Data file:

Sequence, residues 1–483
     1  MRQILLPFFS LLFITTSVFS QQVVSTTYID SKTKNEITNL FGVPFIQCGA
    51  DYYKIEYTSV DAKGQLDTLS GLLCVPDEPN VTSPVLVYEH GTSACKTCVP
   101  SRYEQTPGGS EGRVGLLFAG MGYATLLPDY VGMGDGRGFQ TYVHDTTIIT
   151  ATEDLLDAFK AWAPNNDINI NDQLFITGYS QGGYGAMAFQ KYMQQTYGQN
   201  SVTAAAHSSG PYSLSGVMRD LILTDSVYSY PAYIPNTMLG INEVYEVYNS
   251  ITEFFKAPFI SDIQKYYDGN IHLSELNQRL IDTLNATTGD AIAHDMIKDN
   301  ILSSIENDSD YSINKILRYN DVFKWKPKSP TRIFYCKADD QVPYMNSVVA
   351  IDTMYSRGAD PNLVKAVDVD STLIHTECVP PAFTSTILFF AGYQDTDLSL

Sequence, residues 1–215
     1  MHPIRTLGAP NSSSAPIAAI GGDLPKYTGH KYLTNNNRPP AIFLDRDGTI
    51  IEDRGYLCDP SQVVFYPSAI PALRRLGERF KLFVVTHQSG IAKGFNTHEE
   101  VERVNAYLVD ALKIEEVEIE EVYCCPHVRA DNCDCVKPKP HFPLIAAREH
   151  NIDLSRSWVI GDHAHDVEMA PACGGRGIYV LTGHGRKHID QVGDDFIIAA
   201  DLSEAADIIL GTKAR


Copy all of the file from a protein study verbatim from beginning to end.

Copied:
Sequence, residues 1–483
     1  MRQILLPFFS LLFITTSVFS QQVVSTTYID SKTKNEITNL FGVPFIQCGA
    51  DYYKIEYTSV DAKGQLDTLS GLLCVPDEPN VTSPVLVYEH GTSACKTCVP
   101  SRYEQTPGGS EGRVGLLFAG MGYATLLPDY VGMGDGRGFQ TYVHDTTIIT
   151  ATEDLLDAFK AWAPNNDINI NDQLFITGYS QGGYGAMAFQ KYMQQTYGQN
   201  SVTAAAHSSG PYSLSGVMRD LILTDSVYSY PAYIPNTMLG INEVYEVYNS
   251  ITEFFKAPFI SDIQKYYDGN IHLSELNQRL IDTLNATTGD AIAHDMIKDN
   301  ILSSIENDSD YSINKILRYN DVFKWKPKSP TRIFYCKADD QVPYMNSVVA
   351  IDTMYSRGAD PNLVKAVDVD STLIHTECVP PAFTSTILFF AGYQDTDLSL

Sequence, residues 1–215
     1  MHPIRTLGAP NSSSAPIAAI GGDLPKYTGH KYLTNNNRPP AIFLDRDGTI
    51  IEDRGYLCDP SQVVFYPSAI PALRRLGERF KLFVVTHQSG IAKGFNTHEE
   101  VERVNAYLVD ALKIEEVEIE EVYCCPHVRA DNCDCVKPKP HFPLIAAREH
   151  NIDLSRSWVI GDHAHDVEMA PACGGRGIYV LTGHGRKHID QVGDDFIIAA
   201  DLSEAADIIL GTKAR